strength and fracture, Chemical Engineering

The aim of this assignment is to develop and test your ability to integrate your knowledge of plastic failure and fracture. Below is a plot that shows the plane strain fracture toughness and yield strength for a number of aluminium alloys. Note the log scale! This will be the basis of the present assignment. Each alloy is represented by an ellipse because there is always some variation in the properties of alloys from one batch to another. You can see that in wrought alloys, the strength can be increased without a great deal of change in the fracture toughness. However, in the casting alloys, the higher strength grades show reduced fracture toughness.

1. Consider alloys 2024 T6 and A201. We want to know if either of these is likely to be adversely affected - in terms of fracture - by an accidental brush with a spinning thin angle grinder blade. Estimate the critical crack sizes for each alloy for plane strain fracture under a load of 250 MPa. Use the properties corresponding to the centre of the ellipse. Is a brush with an angle grinder likely to pose a risk for this situation? What is one reason why the fracture toughness of the casting alloys is less than the wrought alloys? (You will have to hunt around a little to find the answer to this, but it won't hurt you.)

 

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2. Consider alloy 1050 in the work hardened and soft conditions. Describe the main difference in the micro-structure between these two materials. What does work hardening affect more, yield strength or fracture strength? Imagine these alloys are loaded to a stress approximately 80% that of their yield stresses. Calculate the respective critical flaw sizes for fracture. Do you think either of these are likely to arise by accidental damage? Now imagine alloy 7075 T6 is work hardened by an equivalent amount to that seen in alloy 1050 (i.e. by about 60 MPa), without any change to its fracture toughness. This is then loaded to 80% of its yield stress. What is the critical flaw size for this material?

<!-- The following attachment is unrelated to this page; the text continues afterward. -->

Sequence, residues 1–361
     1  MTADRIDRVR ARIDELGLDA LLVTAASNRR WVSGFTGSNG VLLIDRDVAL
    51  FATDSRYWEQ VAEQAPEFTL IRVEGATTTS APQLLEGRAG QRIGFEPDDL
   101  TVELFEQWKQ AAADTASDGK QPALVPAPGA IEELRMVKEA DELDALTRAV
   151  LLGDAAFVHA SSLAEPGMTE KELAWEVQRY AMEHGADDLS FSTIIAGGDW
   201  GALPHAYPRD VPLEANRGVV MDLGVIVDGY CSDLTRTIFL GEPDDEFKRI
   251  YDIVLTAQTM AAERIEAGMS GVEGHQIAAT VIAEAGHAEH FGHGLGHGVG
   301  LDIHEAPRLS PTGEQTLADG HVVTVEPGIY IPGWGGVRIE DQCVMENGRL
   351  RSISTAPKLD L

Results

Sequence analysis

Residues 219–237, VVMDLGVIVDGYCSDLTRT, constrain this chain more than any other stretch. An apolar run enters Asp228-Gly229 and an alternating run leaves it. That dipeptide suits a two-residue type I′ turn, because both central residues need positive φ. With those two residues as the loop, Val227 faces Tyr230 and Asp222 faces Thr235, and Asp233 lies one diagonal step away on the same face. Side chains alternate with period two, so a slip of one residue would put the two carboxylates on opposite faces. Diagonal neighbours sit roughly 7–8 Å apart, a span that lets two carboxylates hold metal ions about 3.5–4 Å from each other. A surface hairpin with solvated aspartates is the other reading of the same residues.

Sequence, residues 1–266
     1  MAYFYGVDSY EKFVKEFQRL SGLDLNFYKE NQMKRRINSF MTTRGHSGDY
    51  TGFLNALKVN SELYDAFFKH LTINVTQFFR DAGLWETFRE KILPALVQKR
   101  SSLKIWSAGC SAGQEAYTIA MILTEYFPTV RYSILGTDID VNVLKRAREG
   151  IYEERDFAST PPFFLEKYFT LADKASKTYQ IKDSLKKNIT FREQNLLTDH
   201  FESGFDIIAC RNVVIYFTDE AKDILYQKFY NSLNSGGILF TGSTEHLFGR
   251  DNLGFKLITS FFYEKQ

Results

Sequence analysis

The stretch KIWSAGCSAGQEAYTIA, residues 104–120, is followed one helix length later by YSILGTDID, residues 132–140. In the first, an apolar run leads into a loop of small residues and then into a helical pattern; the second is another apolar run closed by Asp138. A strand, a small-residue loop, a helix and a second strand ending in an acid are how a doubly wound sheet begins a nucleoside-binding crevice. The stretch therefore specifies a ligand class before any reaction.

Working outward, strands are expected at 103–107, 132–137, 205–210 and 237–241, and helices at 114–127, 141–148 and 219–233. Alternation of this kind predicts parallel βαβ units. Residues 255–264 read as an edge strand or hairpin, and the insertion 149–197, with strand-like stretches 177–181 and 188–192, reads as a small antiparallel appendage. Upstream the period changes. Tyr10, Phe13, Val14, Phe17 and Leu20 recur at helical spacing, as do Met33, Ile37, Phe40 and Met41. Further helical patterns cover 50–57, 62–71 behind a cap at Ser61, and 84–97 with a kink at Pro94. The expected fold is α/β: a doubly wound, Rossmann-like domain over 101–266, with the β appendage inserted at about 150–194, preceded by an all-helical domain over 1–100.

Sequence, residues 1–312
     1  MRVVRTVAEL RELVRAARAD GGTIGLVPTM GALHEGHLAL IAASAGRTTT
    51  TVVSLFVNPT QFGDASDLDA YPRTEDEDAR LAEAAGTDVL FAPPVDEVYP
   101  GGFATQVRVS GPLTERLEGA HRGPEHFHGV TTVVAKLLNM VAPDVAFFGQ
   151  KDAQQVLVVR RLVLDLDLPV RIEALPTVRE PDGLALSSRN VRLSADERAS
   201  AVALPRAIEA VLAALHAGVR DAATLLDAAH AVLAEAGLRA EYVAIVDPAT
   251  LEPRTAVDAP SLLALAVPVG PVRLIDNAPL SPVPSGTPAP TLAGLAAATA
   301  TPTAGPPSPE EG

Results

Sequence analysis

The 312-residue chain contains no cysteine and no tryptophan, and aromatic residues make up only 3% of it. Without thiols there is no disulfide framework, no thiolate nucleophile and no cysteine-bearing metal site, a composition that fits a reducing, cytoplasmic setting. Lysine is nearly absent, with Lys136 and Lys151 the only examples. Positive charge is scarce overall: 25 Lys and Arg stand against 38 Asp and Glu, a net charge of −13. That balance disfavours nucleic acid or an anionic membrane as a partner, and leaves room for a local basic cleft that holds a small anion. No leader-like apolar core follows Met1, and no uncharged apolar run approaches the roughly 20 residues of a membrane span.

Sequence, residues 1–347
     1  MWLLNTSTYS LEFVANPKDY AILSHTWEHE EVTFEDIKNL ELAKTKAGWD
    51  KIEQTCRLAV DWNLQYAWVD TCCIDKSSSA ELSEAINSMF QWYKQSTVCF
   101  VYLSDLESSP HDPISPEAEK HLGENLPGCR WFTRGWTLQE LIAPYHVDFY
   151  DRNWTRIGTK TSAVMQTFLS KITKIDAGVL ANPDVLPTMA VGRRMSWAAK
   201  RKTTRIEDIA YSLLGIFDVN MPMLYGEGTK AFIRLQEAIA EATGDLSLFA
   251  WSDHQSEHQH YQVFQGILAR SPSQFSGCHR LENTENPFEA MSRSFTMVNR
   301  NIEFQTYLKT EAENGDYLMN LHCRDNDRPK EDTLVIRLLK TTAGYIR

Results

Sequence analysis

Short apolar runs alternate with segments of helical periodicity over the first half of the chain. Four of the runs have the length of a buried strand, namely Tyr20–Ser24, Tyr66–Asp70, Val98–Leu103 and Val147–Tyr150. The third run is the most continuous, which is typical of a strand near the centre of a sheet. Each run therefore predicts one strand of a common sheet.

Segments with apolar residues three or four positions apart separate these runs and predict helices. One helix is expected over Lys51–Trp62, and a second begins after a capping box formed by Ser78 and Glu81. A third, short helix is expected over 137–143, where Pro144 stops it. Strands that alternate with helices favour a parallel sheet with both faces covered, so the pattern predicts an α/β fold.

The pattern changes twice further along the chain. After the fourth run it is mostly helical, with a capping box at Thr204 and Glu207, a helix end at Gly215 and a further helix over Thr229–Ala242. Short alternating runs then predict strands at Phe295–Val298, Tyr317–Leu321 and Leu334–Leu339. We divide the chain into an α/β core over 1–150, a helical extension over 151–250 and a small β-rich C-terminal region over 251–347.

3. Consider the strain needed to harden 1050 by the amount seen above. Assume that hardening starts from a yield stress of soft 1050 (call this is σ0). Work hardening can then be described by adding a power law (kεn , where ε is strain, k is 100 MPa and n is 0.5) to this initial yield stress. Calculate how much strain would be required to work harden the material to the value reported above for hardened 1050.

4. It is useful to consider whether an alloy will fail by yielding or by fracture, when subjected to an overload. For instance, the pin on my trailer is designed to fail by yielding rather than fracture. Consider materials with a (conservative) flaw size of 10 mm. List the materials shown in the figure above that are likely to fail by yielding but not fracture when subjected to an overload. (That is, work out which will happen at the lower stress, yielding or fracture, for a flaw size of 10 mm.)

Posted Date: 3/1/2013 1:30:27 AM | Location : United States







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